Invasive Species Compendium

Detailed coverage of invasive species threatening livelihoods and the environment worldwide

Abstract

Common alien plants are more competitive than rare natives but not than common natives.

Abstract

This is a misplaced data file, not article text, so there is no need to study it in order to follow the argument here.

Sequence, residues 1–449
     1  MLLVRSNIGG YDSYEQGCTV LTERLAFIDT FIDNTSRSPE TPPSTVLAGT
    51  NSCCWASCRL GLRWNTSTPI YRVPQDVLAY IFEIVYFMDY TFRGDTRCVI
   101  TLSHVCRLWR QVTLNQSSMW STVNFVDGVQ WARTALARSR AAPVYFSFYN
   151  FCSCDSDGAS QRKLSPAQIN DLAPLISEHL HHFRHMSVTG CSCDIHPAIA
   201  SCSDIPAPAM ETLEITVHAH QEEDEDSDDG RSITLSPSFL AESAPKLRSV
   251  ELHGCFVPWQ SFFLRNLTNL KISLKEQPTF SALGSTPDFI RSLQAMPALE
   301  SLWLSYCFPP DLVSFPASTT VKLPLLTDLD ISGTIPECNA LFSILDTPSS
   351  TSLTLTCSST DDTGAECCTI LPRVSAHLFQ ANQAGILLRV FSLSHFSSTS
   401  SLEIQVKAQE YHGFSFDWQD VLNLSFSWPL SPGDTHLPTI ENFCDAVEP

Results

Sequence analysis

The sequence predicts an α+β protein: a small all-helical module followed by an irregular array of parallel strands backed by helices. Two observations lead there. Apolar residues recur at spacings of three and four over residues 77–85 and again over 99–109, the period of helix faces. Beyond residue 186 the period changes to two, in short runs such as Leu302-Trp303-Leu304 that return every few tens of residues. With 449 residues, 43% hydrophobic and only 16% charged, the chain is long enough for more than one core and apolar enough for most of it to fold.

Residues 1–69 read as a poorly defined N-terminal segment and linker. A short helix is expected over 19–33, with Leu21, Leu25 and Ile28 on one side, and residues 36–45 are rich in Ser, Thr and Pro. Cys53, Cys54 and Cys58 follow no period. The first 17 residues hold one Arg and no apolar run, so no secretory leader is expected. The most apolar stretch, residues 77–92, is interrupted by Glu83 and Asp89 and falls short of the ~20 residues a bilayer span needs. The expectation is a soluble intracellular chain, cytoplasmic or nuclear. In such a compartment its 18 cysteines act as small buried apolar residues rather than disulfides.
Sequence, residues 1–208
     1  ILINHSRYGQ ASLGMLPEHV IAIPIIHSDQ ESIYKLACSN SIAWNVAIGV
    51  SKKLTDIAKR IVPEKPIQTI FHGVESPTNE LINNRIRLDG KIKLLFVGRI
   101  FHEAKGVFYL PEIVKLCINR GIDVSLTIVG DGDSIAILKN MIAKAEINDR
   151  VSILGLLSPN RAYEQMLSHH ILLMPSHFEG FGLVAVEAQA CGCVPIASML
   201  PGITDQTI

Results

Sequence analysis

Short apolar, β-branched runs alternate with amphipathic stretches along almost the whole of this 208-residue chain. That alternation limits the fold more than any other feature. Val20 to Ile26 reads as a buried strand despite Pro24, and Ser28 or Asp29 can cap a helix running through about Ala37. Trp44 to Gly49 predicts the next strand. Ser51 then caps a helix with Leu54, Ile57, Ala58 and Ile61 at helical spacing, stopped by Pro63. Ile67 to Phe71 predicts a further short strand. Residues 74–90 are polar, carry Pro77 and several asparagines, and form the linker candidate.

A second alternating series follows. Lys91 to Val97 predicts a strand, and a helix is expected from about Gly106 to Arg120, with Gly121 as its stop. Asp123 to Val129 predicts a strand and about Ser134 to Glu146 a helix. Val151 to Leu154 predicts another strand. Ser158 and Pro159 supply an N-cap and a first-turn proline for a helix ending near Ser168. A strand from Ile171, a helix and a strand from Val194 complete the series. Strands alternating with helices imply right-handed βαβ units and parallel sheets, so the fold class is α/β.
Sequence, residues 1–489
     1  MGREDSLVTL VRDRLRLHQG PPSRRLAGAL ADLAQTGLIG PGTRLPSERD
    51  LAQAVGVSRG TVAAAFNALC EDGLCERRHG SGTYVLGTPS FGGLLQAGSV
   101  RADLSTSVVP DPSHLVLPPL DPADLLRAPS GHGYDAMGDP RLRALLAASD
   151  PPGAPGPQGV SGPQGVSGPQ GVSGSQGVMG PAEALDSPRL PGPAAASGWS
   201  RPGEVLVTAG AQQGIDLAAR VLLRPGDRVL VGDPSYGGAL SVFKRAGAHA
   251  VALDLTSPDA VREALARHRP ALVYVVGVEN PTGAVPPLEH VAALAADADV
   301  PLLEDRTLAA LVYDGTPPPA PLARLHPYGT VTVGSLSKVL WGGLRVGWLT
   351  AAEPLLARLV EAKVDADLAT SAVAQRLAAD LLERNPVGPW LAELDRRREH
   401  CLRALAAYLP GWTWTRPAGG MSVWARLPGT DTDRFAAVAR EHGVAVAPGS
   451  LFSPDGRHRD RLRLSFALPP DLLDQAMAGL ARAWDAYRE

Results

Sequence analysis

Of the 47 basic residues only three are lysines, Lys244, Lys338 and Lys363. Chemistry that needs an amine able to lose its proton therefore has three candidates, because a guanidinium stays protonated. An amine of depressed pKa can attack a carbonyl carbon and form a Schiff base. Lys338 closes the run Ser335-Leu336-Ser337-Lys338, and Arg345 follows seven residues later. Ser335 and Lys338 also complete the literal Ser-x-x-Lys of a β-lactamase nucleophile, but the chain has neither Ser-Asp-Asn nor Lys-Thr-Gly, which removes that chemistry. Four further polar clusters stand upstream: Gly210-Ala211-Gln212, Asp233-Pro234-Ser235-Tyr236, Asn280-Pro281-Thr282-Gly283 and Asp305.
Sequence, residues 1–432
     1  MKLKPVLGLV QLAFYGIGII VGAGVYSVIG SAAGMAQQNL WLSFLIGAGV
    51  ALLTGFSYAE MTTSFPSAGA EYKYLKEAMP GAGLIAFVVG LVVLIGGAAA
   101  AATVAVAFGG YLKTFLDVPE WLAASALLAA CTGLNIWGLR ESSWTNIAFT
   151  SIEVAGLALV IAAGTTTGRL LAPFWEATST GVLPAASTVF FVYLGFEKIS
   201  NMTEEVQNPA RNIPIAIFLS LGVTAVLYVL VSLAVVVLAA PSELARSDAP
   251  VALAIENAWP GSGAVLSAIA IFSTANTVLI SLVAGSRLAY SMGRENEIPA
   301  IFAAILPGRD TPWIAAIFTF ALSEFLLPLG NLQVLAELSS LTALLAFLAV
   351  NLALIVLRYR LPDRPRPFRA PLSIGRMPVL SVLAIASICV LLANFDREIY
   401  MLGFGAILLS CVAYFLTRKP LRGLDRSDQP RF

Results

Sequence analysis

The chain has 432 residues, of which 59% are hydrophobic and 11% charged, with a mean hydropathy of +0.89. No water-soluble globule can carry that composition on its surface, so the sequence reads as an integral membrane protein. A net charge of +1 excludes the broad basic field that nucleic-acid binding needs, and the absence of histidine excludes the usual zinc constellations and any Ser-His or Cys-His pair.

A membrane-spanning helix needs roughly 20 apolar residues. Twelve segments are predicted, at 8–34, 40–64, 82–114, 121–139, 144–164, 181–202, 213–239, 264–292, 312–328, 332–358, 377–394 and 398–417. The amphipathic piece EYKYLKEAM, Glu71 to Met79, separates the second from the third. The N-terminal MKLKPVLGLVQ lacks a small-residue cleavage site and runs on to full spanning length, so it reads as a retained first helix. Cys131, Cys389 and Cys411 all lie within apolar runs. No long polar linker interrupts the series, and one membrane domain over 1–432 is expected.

Success of alien plants is often attributed to high competitive ability. However, not all aliens become dominant, and not all natives are vulnerable to competitive exclusion. Here, we quantified competitive outcomes and their determinants, using response-surface experiments, in 48 pairs of native and naturalised alien annuals that are common or rare in Germany. Overall, aliens were not more competitive than natives. However, common aliens (invasive) were, despite strong limitation by intraspecific competition, more competitive than rare natives. This is because alien species had higher intrinsic growth rates than natives, and common species had higher intrinsic growth rates than rare ones. Strength of interspecific competition was not related to status or commonness. Our work highlights the importance of including commonness in understanding invasion success. It suggests that variation among species in intrinsic growth rates is more important in competitive outcomes than inter- or intraspecific competition, and thus contributes to invasion success and rarity.